Turkey’s constitutional referendum to replace the country’s parliamentary system with a presidential model ended with a victory for the “yes” camp, opening a new era in the country’s political history.
The referendum, held on Sunday, was a historic moment in Turkish history, but what follows it is even more significant, particularly in terms of foreign policy.
It is still unclear how the rhetoric adopted by Turkish officials during the referendum campaign will be reflected in the country’s foreign policy in the post-referendum era. However, it seems that Turkey will have a busy agenda in terms of its relations with the EU and the regional countries.
Relations with Europe at a low
The Turkish referendum was closely watched by the world. Soon after the results, leaders of the US, Russia, Saudi Arabia, Kuwait, Qatar, Bahrain, Iraq, Azerbaijan and the Kurdistan Regional Government (KRG) congratulated Turkish President Recep Tayyip Erdogan on the success of the referendum. However, not a single EU country sent similar messages.
Turkey-EU relations have reached a historical low, particularly after some European countries banned Turkish ministers from addressing rallies of expatriates.
Frustrated with EU policies toward Ankara, Erdogan stated prior to the referendum that Turkey will review its ties with the EU regardless of the outcome of the vote. He has also said the country could hold a referendum on its long-stalled EU membership bid.
Thus, the referendum result was not only a victory for Erdogan but also a “show of strength” toward the EU and a signal of how future Turkish-EU relations could look. In his speech to the crowd soon after the result was declared, Erdogan said that Turkey will consider reinstating the death penalty — something that would spell the end of Turkey’s EU membership negotiations.
There is lots on the table when it comes to Ankara’s relations with Europe, the US and Russia.
The stance adopted by politicians and media in some European countries, during and after the referendum campaign, was prejudiced. German Chancellor Angela Merkel warned that the “tight referendum result shows how deeply divided Turkish society is and that means a big responsibility for the Turkish leadership and for President Erdogan personally.”
The Council of Europe’s Venice Commission released a report stating that the constitutional amendments would lead Turkey to autocracy.
Such statements raised eyebrows in Ankara, and paved the way for a further straining of relations between Turkey and the EU, at a time when both sides are considering revising the future phases of Turkey’s EU accession process.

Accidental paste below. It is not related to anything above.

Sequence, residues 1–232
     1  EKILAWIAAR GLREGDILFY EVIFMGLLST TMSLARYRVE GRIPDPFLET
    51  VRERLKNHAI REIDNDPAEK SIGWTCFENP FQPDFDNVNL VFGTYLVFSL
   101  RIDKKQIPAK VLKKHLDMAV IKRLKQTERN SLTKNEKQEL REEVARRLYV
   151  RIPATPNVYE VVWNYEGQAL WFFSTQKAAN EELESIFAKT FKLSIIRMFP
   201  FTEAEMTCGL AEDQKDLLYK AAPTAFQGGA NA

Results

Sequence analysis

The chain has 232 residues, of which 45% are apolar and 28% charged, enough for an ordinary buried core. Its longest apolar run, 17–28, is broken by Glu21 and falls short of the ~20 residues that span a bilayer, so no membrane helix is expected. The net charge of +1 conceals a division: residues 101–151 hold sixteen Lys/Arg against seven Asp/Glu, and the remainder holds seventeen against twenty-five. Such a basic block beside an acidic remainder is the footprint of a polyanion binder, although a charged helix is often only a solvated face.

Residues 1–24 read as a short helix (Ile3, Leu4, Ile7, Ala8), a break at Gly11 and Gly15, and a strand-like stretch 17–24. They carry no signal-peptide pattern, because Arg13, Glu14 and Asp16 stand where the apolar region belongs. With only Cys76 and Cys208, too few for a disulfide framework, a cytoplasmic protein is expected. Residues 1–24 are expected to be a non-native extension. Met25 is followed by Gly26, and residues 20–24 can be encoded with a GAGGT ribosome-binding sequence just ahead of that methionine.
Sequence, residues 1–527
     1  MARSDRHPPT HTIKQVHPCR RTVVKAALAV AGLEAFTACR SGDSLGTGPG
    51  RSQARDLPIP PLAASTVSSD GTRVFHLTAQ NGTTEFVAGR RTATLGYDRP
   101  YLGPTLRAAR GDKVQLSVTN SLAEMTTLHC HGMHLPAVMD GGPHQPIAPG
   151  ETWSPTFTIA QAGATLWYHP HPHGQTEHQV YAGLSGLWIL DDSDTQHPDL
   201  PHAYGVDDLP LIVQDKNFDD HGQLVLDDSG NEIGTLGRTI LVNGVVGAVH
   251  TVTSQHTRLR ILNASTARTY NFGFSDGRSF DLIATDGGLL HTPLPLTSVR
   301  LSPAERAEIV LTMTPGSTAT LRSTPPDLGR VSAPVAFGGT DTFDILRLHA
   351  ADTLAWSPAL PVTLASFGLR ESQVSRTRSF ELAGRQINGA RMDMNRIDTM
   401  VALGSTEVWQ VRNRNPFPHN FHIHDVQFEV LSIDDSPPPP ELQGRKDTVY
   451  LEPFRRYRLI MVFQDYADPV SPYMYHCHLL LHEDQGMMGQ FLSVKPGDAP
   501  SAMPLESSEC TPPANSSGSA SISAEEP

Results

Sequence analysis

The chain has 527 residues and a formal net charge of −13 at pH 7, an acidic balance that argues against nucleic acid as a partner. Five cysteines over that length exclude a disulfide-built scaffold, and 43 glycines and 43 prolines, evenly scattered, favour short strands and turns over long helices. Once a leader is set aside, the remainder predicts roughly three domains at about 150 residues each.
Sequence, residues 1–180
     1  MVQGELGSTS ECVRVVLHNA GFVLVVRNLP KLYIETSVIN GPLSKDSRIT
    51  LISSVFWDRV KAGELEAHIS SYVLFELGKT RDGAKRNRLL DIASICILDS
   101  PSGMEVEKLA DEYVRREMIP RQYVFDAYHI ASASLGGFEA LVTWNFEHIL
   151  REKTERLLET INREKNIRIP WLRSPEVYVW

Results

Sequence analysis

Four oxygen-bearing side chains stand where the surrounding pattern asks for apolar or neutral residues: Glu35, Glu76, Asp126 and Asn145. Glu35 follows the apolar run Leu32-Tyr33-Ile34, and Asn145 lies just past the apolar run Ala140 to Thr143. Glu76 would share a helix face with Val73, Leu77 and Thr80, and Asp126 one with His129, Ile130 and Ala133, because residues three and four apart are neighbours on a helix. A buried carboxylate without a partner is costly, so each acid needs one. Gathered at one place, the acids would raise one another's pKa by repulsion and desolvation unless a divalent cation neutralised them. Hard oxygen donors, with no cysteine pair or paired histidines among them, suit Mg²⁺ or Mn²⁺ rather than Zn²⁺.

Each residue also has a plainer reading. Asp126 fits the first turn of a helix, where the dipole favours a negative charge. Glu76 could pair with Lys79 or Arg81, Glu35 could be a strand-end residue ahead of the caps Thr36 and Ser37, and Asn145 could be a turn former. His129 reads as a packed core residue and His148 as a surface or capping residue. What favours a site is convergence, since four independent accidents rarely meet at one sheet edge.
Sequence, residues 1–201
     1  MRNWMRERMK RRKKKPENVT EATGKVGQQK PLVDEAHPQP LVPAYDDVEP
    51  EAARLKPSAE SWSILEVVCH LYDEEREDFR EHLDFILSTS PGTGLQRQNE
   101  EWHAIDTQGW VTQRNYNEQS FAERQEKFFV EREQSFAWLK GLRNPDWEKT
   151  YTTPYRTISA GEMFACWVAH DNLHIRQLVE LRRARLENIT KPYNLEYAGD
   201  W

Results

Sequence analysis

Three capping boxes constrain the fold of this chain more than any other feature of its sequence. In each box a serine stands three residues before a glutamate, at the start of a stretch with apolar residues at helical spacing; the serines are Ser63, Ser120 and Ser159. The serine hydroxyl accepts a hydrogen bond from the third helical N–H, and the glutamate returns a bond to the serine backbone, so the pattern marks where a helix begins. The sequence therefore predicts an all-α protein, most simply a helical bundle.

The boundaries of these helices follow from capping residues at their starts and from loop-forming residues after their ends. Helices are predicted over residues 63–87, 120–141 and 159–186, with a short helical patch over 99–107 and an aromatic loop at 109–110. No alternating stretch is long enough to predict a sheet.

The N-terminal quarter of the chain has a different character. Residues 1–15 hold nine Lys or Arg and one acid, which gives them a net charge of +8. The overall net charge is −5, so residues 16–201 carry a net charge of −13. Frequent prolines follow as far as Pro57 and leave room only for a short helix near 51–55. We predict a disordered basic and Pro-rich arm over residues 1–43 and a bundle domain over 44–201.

It seems the tension in the relationship between Ankara and Brussels will continue if both sides carry on with the pre-referendum rhetoric, and fail to return to a pragmatic diplomacy and constructive dialogue for a restoration of relations.
Another important issue in Turkish foreign policy is the relationship with the US administration. Erdogan and US President Donald Trump are expected to meet in May ahead of a meeting of the NATO alliance.
One of Erdogan’s recent statements is important in this regard. He said that the Barack Obama administration deceived Turkey over cooperation against the outlawed Kurdistan Workers’ Party (PKK), and called for stronger ties with Trump, who was the first Western leader to congratulate Erdogan after the referendum.
Yet it would be too optimistic to expect Washington and Ankara to solve their differences over the Kurdish People’s Protection Units (YPG) in Syria anytime soon; a magical formula that would satisfy both NATO allies is still not on the table. However, a future Erdogan-Trump meeting is crucial, as it would provide a chance for both sides to once more highlight their concerns with the current developments in the region and discuss areas of cooperation. Therefore, finding areas of common ground, despite all the obvious problems, will be in the best interest of both parties.
Military action on the radar
Moreover, depending on the certainty of the US stance in the region, we can expect a more active Turkey in the coming period. Erdogan stated on Monday that Turkey’s “Euphrates Shield” operation would not be its last, signaling that more cross-border operations will come. He did not specify where and when the new operations could take place; it could be Iraq, as prior to the referendum Erdogan stated that the second stage would include Iraqi territories still held by terrorists.
An extended operation in Syria is also among the topics being discussed in Ankara’s diplomatic circles. The upcoming Raqqa operation under the leadership of the US, which is expected to start in May, is also on the agenda. However given that Turkey sits on the fence, between the US and Russia, when it comes to Syria, this could be a tough task for Ankara. In any case, it is the developments on the ground in Syria and Iraq that will determine Ankara’s actions in the region and Turkey will continue to walk a middle path between these two global powers to secure its own interests.
Meanwhile, aside from the US, Erdogan is also expected to pay visits to China and India in May. His visit to Southeast Asia could be read as part of Turkey’s foreign-policy aim to increase cooperation with other actors in the international community.
The referendum may be over but, taking into account all the above developments, a busy foreign policy agenda awaits Turkey, with both challenges and opportunities in this new era.
• Sinem Cengiz is a Turkish political analyst who specializes mainly in issues regarding Turkey’s relations with the Middle East. She can be reached on Twitter @SinemCngz.